“Duke Francis was very courteous — the very mirror of chivalry — but he was giving nothing, and nobody, away. They speak an odd kind of French there. And their own language is like Welsh; for example…”
This was typical of Anthony, ever the scholar. But I wanted the facts.
It was summer 1472 and he had just returned from a “diplomatic” mission to the independent duchy of Brittany. As usual, I was not sent with him and had passed the last two months in East Riding settling a less than thrilling quarrel between two tenants of mine near the village of Ferriby. I had then left Malcolm in charge there — now a strapping and capable man in his twenties with an older wife who was the widow of a prosperous Hull merchant. I had arranged the match, of course. How else had our family started on its own rise to royalty?
“Will he send us the Tudor curs?” I asked.
“Not at present. He wants something in return, of course. But I couldn’t prise out of him what it is. Perhaps support against King Louis. And I wasn’t empowered to offer him that.”
“Maybe our king will invade France. I think he is the man to reclaim Normandy or even Gascony.”
“I pray so,” said Anthony, looking dreamy. “To end our civil wars and reclaim the Angevin Empire and equal the feats of arms of the last Edward.”
“Are the Tudors really a threat to us?” I asked, lowering my voice. We were speaking in the margins of the court at Westminster, as he had just returned from briefing the king. “Jasper has no royal blood, apart from the Valois blood of his mother which doesn’t signify—”
“But the boy Henry’s mother is the Beaufort heiress. She’s the last of that line and the only descendant of John of Gaunt. They’re quasi-royal.”
“Quasi is pushing it, Ant. They’re descended from a whore, Kat Swynford, John of Gaunt’s mistress. Vraiment, they were legitimised retrospectively by Richard II (may his troubled soul rest in everlasting peace) but the letters patent expressly exclude them from the line of succession. And it’s highly doubtful whether Queen Katherine was ever married to Owain Tudor in the eyes of Mother Church. They’re all bastards on both sides.”
Anthony looked back at me with gentle reproach. I must have been ruddy-cheeked with choler.
“Be calm, my brother. Their claim is tenuous at best and, in any event, the Lancastrians are crushed. No one is going to support an unknown Welsh bastard against our handsome and rightful king. But, we must guard against eventualities and Margaret Beaufort is a powerful advocate for her son. She wants him back, pardoned.”
“And restored to the earldom of Richmond, I suppose?”
“His mother holds vast estates, remember. And there is talk of her marrying Thomas Stanley, the Lord Steward.”
“How many husbands is that bloody woman planning to have? This must be number three, in spite of looking like an old nun chewing a wasp. It couldn’t be because she controls all the duchy of Somerset estates, could it?” I asked, sardonically.
“Now the king and my sister have a son…”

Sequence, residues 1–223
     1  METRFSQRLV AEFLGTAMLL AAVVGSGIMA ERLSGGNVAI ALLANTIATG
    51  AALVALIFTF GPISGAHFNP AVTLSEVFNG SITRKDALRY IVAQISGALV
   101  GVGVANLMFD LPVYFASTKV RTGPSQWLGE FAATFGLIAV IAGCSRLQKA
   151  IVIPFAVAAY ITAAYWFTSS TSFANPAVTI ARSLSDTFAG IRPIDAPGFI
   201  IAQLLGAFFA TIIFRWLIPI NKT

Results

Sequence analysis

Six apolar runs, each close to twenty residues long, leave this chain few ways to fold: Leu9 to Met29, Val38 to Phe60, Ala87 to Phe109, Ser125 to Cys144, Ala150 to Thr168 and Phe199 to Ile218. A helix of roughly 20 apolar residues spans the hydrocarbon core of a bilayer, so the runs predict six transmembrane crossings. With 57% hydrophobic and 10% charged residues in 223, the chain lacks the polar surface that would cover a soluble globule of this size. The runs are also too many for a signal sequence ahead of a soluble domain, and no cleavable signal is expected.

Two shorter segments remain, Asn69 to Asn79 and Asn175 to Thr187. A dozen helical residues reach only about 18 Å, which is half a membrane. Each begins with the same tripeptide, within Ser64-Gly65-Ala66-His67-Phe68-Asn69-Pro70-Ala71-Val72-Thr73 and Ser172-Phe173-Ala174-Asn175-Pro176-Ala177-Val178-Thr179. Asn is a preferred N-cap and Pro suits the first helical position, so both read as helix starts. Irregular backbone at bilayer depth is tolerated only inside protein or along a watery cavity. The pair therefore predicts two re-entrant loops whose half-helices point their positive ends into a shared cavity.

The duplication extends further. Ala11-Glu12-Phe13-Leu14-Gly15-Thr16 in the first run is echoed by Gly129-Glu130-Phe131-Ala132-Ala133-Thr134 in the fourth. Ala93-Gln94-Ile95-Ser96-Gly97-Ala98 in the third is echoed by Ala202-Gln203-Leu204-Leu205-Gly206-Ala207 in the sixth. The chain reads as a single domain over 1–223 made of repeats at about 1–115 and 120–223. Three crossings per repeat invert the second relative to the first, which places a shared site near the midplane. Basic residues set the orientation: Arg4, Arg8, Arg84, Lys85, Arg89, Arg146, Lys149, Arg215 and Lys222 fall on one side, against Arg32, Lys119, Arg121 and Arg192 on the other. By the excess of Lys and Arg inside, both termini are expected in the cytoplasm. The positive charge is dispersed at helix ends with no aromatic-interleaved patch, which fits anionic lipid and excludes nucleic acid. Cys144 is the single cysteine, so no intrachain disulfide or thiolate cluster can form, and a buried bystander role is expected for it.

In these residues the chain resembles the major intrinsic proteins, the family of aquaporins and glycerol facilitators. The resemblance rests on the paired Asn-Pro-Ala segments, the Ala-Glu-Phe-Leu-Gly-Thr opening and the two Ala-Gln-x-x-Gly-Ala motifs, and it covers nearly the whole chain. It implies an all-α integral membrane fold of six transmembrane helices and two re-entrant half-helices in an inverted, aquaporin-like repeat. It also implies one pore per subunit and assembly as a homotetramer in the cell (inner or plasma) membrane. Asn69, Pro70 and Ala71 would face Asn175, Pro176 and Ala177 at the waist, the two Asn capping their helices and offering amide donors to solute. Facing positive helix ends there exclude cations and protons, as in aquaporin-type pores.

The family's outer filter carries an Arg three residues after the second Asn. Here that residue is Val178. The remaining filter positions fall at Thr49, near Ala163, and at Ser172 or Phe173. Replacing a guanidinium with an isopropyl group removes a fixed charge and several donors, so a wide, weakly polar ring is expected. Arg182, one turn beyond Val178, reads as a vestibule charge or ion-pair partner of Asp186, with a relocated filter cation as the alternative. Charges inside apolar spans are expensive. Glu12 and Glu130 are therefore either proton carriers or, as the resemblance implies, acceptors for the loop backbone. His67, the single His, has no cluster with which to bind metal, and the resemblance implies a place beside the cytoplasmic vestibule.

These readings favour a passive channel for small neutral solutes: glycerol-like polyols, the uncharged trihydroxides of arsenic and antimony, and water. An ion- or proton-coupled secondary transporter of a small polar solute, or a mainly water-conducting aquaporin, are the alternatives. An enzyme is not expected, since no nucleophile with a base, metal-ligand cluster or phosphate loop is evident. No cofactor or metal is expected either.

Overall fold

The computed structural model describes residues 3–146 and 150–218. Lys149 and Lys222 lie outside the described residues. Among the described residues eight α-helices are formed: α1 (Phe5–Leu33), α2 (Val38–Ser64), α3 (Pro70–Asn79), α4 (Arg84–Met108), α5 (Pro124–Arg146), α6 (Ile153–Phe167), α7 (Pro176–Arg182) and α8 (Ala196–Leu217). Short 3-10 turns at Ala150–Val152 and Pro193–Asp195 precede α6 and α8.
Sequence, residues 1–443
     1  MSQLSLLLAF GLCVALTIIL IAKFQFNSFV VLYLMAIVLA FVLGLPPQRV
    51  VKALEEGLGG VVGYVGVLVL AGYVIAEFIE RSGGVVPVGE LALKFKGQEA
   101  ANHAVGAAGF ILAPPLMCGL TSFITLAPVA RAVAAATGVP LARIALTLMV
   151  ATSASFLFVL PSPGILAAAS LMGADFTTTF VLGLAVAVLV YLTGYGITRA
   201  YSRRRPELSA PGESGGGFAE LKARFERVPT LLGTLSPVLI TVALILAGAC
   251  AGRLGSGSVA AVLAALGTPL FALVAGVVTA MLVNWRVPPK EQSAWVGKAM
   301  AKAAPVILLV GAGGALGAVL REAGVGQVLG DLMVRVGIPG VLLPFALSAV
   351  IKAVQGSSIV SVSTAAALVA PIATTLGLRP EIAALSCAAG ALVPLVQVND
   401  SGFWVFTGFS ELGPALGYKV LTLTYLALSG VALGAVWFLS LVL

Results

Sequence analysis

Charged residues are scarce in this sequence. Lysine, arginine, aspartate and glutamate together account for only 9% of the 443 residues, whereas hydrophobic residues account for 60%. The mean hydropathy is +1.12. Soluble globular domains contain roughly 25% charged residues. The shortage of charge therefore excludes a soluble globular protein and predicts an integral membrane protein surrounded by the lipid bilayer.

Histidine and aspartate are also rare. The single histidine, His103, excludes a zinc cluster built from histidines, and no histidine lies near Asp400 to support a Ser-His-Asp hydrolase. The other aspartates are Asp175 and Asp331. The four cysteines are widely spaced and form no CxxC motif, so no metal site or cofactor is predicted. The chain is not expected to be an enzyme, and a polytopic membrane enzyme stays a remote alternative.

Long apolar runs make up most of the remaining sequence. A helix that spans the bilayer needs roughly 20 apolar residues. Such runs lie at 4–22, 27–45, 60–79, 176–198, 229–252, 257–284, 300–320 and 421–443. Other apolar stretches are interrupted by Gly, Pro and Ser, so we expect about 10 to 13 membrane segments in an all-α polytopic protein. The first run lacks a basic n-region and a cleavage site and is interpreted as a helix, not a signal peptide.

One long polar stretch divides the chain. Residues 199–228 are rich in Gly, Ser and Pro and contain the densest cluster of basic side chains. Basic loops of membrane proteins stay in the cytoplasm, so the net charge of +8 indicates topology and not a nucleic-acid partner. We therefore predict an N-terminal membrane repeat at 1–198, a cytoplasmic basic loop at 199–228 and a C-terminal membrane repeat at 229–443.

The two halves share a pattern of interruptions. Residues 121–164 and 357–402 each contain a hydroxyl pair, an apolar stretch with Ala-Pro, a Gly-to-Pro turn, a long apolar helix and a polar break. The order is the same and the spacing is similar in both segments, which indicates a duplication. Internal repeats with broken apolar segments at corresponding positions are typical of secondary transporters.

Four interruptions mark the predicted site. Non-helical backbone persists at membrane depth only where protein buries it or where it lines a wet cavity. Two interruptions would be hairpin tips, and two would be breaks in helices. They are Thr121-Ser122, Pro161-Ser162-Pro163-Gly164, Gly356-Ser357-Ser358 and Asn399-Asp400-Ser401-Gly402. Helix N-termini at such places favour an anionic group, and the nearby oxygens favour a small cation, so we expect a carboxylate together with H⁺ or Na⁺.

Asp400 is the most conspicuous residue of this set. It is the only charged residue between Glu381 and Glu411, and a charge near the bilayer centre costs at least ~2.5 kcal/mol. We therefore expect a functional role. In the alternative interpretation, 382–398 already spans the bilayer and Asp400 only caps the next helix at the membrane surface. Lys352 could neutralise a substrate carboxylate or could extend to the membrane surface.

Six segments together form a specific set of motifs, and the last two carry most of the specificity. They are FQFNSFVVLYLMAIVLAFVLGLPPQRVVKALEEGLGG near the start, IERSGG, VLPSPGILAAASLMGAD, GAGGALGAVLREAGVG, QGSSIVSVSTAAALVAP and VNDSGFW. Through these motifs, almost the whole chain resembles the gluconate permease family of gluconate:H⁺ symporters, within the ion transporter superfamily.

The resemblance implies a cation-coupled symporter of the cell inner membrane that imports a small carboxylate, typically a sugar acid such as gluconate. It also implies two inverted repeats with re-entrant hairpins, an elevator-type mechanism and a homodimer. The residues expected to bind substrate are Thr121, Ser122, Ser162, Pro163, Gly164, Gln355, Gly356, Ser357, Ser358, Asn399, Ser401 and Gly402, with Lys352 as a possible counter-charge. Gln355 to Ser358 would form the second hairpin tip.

“With another en ventre sa mere, God willing.”
“The House of York is secure. And perhaps now is the time to go on pilgrimage.”
I knew this had been Anthony’s yearning for some time.
“To see something of the classical world?”
“And the new learning that flourishes in the city-states of Italy.”
“Where the sun shines every day and the young men and damsels are as beauteous as angels…” I teased him.
“Will you journey with me, brother?” He looked very gravely into my eyes.
“Will you not remarry, Anthony?”
His wife, always coldly pious and weak, had dwindled away unmourned in his absence.
“Not unless the king commands it. I have contemplated taking vows — a vow of chastity for the years of pilgrimage at least.”
“A vow not to touch women?”
“Wouldn’t be too hard for you, Edward, would it?” He smiled mischievously.
“My thoughts are on higher things,” I said piously. “Margaret of Burgundy is the only woman I could serve.”
“You worship her. A woman needs to be ploughed, not worshipped.”
“Then why don’t you sow the Wydville seed, my lord? Or who will be the third Earl Rivers?”
“I have no wish to found a dynasty, Edward.”
I have always remembered these words and the solemn, almost distant way he spoke them. Anthony, I think, had the second sight and foresaw something of his fate.
“My nephew, the prince, will be my heir,” he continued. “I will assist in his education as a chivalrous Christian prince, so that he will be a Plantagenet king even greater than his ancestors.”
“He belongs to your sister and her women until he is at least seven,” I said.
“So, until then, let us see the old world and the new worlds: Rome, maybe Athens, Santiago de Compostela. And I would fain see the great port city of Barcelona; it would put Hull to shame, brother!”
So, he hatched our plan to visit Rome. We would never see the tall ships and the broad ramblas of Barcelona. But in a unique, heaven-sent sense, a small number of years later, Barcelona would come to me.
In life, the happy times pass quickly and easily and, in retrospect, the details are blurred. So it was — or so it seems now
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